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The recent correction in the U.S. stock market has been painful.

The CNN Fear & Greed Index – my favorite measure of market sentiment – has been stuck in “extreme fear” mode for well over a month.

If the current correction continues, it could mark the start of the first bear market since 2008.

Of course, long-term investors know that bear markets are inevitable

The question is not “if” but “when”…

Robert Shiller – Yale University professor, Nobel laureate and author of Irrational Exuberance – has long believed that a bear market is overdue.

After all, before the recent correction, the S&P 500 was trading at a cyclically adjusted price-to-earnings ratio of more than 32.

Even with the recent pullback, that number is just under 30 – and 75.7% higher than its historical mean. (This makes the U.S. stock market the third most expensive in the world after Ireland’s and Denmark’s.)

This all suggests an uncomfortable truth.

If the current correction does signal the start of the bear market, there is plenty of room for it to fall.

How to Prepare for the Worst

None of this means that the U.S. stock market can’t bounce back in the coming weeks. After all, December is traditionally the strongest month for the U.S. stock market.

It does highlight, however, why you need a strategy when the bear market inevitably arrives.

Below are three bear market strategies you could consider today.

  1. Set Trailing Stops

Warren Buffett has endured drawdowns of close to 50% three times in the past: once in the early 1970s, once in 1999 and again during the 2008 financial crisis.

He has warned that if you can’t endure such drawdowns, you shouldn’t invest in the stock market. In a bear market, “buy and hold” becomes “grin and bear it.”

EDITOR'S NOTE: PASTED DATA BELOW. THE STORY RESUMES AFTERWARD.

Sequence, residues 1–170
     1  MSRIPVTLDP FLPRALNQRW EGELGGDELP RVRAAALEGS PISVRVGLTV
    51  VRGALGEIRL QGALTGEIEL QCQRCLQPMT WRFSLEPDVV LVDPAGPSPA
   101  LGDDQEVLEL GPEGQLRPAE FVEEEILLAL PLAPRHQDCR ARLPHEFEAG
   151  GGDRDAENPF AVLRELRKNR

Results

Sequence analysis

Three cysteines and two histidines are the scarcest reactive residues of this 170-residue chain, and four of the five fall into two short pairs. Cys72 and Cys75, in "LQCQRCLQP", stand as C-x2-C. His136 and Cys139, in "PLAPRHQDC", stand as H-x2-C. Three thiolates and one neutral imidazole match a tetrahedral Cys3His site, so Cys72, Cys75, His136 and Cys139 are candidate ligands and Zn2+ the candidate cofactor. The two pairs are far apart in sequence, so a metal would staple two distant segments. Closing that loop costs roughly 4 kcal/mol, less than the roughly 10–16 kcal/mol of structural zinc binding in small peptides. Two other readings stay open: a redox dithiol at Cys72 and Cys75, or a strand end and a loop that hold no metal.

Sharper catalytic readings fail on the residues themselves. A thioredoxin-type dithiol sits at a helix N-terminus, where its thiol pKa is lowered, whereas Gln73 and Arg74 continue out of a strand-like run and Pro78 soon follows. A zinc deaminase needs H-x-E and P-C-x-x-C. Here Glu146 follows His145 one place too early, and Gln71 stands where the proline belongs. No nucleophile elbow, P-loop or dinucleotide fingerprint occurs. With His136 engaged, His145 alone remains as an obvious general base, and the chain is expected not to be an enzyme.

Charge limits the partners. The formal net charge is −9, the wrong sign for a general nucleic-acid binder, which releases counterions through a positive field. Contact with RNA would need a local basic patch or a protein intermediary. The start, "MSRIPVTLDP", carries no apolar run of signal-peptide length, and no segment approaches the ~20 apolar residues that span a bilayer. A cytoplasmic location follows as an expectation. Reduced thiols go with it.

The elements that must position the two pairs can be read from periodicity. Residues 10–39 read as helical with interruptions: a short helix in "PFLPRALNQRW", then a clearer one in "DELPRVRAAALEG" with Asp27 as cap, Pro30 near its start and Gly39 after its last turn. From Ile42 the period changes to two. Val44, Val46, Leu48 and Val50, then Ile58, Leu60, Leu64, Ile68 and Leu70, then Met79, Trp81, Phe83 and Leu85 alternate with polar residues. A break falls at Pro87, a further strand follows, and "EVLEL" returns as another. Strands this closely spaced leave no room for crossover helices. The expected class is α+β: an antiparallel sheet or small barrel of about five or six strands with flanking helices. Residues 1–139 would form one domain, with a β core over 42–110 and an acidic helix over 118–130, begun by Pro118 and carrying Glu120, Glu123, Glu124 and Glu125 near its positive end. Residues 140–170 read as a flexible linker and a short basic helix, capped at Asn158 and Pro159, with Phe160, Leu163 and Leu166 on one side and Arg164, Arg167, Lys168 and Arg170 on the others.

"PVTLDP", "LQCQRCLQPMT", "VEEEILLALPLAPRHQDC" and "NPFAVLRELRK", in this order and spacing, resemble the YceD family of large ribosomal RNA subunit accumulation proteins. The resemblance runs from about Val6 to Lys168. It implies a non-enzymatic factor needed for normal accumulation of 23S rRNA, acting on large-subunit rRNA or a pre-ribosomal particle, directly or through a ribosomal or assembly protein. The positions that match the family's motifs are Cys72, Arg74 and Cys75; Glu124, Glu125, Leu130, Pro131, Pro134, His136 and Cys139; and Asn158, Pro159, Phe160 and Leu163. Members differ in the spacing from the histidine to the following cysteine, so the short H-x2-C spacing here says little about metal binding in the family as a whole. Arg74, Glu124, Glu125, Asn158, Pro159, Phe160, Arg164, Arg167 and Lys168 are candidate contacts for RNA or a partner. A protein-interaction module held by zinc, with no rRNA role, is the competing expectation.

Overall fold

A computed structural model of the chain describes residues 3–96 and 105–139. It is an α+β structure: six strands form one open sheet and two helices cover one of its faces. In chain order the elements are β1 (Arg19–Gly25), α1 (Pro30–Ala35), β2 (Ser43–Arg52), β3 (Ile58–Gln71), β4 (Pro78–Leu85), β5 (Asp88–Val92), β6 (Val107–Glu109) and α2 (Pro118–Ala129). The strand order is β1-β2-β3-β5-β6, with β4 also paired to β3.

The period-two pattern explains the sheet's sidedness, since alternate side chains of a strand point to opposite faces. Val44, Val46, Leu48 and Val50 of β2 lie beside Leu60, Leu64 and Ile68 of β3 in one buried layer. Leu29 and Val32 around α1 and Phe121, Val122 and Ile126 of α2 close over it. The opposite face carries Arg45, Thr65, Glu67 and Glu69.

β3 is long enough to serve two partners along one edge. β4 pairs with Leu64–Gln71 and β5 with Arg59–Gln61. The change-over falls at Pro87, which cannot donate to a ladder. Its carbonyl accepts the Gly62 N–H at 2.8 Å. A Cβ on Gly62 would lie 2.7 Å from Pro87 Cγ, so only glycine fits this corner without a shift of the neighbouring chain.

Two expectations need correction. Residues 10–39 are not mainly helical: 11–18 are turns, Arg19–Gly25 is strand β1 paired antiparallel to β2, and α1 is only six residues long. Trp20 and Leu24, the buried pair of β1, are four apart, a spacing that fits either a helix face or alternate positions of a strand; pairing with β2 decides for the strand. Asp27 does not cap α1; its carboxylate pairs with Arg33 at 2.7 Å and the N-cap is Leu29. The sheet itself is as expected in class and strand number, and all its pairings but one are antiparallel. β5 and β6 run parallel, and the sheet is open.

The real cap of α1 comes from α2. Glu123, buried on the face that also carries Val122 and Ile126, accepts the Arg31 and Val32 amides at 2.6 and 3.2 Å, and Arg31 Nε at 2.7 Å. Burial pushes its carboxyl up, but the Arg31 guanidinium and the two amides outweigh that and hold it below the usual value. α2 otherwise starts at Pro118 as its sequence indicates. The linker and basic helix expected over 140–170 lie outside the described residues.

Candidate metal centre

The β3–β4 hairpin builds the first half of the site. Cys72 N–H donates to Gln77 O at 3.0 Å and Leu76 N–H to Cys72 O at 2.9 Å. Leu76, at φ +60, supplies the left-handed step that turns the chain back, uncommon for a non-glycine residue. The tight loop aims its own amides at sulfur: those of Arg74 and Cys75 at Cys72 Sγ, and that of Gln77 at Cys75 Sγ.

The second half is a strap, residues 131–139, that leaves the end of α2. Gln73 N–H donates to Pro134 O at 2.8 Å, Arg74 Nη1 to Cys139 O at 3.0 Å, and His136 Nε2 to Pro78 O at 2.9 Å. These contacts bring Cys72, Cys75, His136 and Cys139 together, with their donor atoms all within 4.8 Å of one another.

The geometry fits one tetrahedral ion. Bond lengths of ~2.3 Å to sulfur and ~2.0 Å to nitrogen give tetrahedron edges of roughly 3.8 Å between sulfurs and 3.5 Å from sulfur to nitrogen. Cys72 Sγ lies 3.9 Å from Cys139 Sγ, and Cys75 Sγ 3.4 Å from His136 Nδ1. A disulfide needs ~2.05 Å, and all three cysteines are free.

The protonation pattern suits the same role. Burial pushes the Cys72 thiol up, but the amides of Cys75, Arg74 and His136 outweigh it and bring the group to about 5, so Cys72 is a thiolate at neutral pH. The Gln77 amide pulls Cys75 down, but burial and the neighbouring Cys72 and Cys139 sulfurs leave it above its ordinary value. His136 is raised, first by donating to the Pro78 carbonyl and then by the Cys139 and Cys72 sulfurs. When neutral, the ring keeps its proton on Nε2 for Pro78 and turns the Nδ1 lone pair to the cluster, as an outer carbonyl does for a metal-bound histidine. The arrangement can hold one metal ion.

But your ability to sell gives you a massive edge over large investors like Buffett.

The Oxford Club has a simple rule: Set a 25% trailing stop on most investments, unless instructed otherwise. It will do wonders for your psychological health when the bear market does arrive.

  1. Bet Against the Stock Market

Sir John Templeton made his first fortune investing in the economic recovery of Germany and Japan after World War II.

He famously bought a basket of 100 stocks in war-torn Germany and watched them soar. He plowed his funds into Japan in the 1950s, profiting from that market’s remarkable rise.

It is less well-known that Templeton made his quickest fortune shorting dot-com stocks in late 1999.

While his timing was good, it was not perfect.

In the early days of the trade, his positions went against him. But by March 2000, Templeton’s bet against the dot-com stocks looked ingenious. Templeton made $90 million in a matter of months.

Today, there are plenty of ways to replicate Sir John Templeton’s success.

Unlike in 1999, you can buy exchange-traded funds (ETFs) that short the U.S. market. In fact, you can even short the market using leverage. Keep that in mind if the stock market starts to dive.

(I’ll be recommending just these kinds of ETFs in my upcoming Oxford Wealth Accelerator trading service. Details coming soon!)

  1. Implement “Black Swan” Strategies

Popularized by Nassim Nicholas Taleb, a “black swan” is a rare, high-impact and unexpected event.

In investing, black swans happen when financial markets fall fast and hard – like the crash of October 19, 1987.

These sharp falls occur more often than statisticians predict.

More colorfully, a black swan can come out of the blue at any time.

So how best to protect your portfolio? You could engage in a complex range of options strategies like Taleb does.

Or you could just buy an ETF that implements an options strategy for you.

Specifically, the Cambria Tail Risk ETF (CBOE: TAIL) invests about 5% of its assets in a portfolio of out-of-the-money put options on the S&P 500. It holds the rest of the assets in 10-year U.S. Treasurys.

Both Treasurys and put options tend to rise during a market crash. But like any other form of insurance, this protection costs money.

Cambria spends roughly 1% of the fund’s total assets purchasing put options over rolling one-month periods. So this “insurance” costs you about 1% per month.

How has this ETF fared since the market pullback?

It has behaved precisely as advertised.

Since the market peaked on October 3, the S&P 500 has fallen about 9%.

Meanwhile, the price of the Cambria Tail Risk ETF has risen by more than 8%.

The bottom line?

Whether the current pullback is just a correction or the start of bear market…

Always remember that drops in the market are inevitable.

So make sure you have a bear market plan in place today.

Good investing,

Nicholas

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